A quick update on our recent activities – it’s been a busy but remarkably successful year for us.
1) From our first postdoc starting in September of last year, we’ve built up to a team of eight postdocs from across fields. Our team now consists of Shahar Avin (currently working on a classification framework for global catastrophic risk scenarios), Yang Liu (decision theory for advanced AI), Bonnie Wintle (horizon-scanning for risk), Catherine Rhodes (biorisk, biotech governance, and academic project management), Julius Weitzdorfer (law, governance, and catastrophic risk), Simon Beard (population ethics, future generations, and alternatives to cost-benefit analysis), Adrian Currie (extreme risk and the culture of science), Tatsuya Amano (ecological risks and tipping points) as well as Huw Price, Seán Ó hÉigeartaigh and Jens Steffensen (CSER’s new administrator).
We are delighted to announce that we will be joined in the spring by synthetic biologist Lalitha Sundaram, who will work with us on bio-threats. More on our team here: http://cser.org/people/
2) Our postdocs have already begun submitting their first papers, and have been hard at work organising workshops on key workshops relating to emerging risks. Recent workshops have included
– Population, ethics and risk (in collaboration with Cumberland Lodge).
– Gene drives: regulatory, legal and ethical issues (with the Synthetic Biology Strategic Research Initiative, the Centre for Science and Policy, and the Centre for Law, Medicine and the Life Sciences)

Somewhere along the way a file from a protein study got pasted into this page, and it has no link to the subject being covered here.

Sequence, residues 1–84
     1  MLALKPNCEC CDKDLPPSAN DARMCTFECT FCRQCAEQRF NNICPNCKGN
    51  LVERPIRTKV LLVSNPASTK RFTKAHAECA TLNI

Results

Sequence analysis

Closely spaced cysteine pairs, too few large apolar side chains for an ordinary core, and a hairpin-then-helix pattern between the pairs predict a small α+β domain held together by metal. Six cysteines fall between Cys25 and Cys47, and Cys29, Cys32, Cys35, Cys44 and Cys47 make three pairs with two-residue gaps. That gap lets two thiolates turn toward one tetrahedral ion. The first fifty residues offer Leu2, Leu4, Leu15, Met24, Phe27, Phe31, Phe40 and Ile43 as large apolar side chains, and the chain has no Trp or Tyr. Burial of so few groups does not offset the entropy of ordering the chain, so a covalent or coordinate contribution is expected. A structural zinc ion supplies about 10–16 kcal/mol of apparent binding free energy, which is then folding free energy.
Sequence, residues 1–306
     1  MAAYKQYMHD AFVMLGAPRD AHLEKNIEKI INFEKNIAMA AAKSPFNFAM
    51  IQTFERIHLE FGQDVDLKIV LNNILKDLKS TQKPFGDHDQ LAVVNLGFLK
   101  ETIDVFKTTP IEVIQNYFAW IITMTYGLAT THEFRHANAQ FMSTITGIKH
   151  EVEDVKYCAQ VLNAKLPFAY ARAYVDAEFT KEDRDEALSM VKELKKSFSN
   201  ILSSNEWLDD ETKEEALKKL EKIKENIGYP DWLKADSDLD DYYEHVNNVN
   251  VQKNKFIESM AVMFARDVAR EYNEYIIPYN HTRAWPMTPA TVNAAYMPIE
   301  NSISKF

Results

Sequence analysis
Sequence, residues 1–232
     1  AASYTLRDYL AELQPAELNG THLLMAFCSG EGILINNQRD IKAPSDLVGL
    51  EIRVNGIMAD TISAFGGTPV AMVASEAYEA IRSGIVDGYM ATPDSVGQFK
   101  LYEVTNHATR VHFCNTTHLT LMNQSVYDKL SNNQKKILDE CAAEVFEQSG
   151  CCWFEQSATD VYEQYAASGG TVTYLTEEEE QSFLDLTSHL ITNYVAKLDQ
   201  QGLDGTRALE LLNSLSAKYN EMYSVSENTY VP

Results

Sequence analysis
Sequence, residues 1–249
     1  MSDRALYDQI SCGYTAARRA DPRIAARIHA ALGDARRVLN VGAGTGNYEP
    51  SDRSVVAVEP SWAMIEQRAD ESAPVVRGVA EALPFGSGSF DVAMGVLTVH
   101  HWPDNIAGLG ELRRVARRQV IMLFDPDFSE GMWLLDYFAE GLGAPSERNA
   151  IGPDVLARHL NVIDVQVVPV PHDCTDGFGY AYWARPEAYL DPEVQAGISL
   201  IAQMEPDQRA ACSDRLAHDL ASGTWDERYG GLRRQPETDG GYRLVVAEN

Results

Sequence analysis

– Data Analytics for sustainability and environmental risk (in collaboration with the British Antarctic Survey, the Cambridge Forum for Sustainability and the Environment, and Google DeepMind).
– Horizon-scanning for advances and risks related to biological engineering.
We will next be co-organising a workshop with the Centre for Risk Studies and the UK Cabinet Office to share knowledge on resilience planning and risk assessment, and will be supporting the organisation of several workshops and symposia on legal, regulatory and risk challenges relating to AI at this year’s Neural Information Processing Systems (NIPS) conference.
We are currently preparing for our first Cambridge Conference on Catastrophic Risk (December 12-14) to which you would all be welcome (http://cser.org/cccr2016/)
3) Our public lecture series, generously supported this year by the Blavatnik Foundation continues to be a great success. Highlights have included talks by Paul Ehrlich (long-term environmental risks) and Hilary Greaves (population ethics and existential risk). Talks available online here: https://www.youtube.com/channel/UCoMIcy9-8QxuhhRSwc9cVQg
4) Our other major accomplishment has been our role in the development of a sister Centre, the Centre for the Future of Intelligence (CFI; http://lcfi.ac.uk/), which launched last month and is currently recruiting for postdocs to work on a range of topics related to the future of artificial intelligence. Funded by the Leverhulme Foundation and consisting of a partnership between Cambridge, Oxford, Berkeley and Imperial, CFI is collaborating with CSER on AI-related research topics.
For more information, see our CSER Summer report.